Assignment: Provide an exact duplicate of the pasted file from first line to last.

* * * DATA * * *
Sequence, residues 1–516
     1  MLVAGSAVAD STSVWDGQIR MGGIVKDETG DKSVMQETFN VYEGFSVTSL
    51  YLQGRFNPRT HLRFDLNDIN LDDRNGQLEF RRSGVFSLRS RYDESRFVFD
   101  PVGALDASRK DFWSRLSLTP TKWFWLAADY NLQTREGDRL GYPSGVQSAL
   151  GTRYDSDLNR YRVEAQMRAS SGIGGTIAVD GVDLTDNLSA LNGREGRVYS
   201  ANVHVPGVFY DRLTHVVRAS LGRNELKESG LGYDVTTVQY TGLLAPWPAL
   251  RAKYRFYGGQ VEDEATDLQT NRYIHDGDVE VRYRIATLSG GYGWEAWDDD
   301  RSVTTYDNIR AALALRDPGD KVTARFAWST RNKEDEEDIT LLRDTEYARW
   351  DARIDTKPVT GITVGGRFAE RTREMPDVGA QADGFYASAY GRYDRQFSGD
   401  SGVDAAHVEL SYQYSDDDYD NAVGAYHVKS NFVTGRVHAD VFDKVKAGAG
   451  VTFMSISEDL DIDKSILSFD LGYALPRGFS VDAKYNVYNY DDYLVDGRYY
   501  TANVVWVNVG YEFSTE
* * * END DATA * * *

Sequence, residues 1–516
     1  MLVAGSAVAD STSVWDGQIR MGGIVKDETG DKSVMQETFN VYEGFSVTSL
    51  YLQGRFNPRT HLRFDLNDIN LDDRNGQLEF RRSGVFSLRS RYDESRFVFD
   101  PVGALDASRK DFWSRLSLTP TKWFWLAADY NLQTREGDRL GYPSGVQSAL
   151  GTRYDSDLNR YRVEAQMRAS SGIGGTIAVD GVDLTDNLSA LNGREGRVYS
   201  ANVHVPGVFY DRLTHVVRAS LGRNELKESG LGYDVTTVQY TGLLAPWPAL
   251  RAKYRFYGGQ VEDEATDLQT NRYIHDGDVE VRYRIATLSG GYGWEAWDDD
   301  RSVTTYDNIR AALALRDPGD KVTARFAWST RNKEDEEDIT LLRDTEYARW
   351  DARIDTKPVT GITVGGRFAE RTREMPDVGA QADGFYASAY GRYDRQFSGD
   401  SGVDAAHVEL SYQYSDDDYD NAVGAYHVKS NFVTGRVHAD VFDKVKAGAG
   451  VTFMSISEDL DIDKSILSFD LGYALPRGFS VDAKYNVYNY DDYLVDGRYY
   501  TANVVWVNVG YEFSTE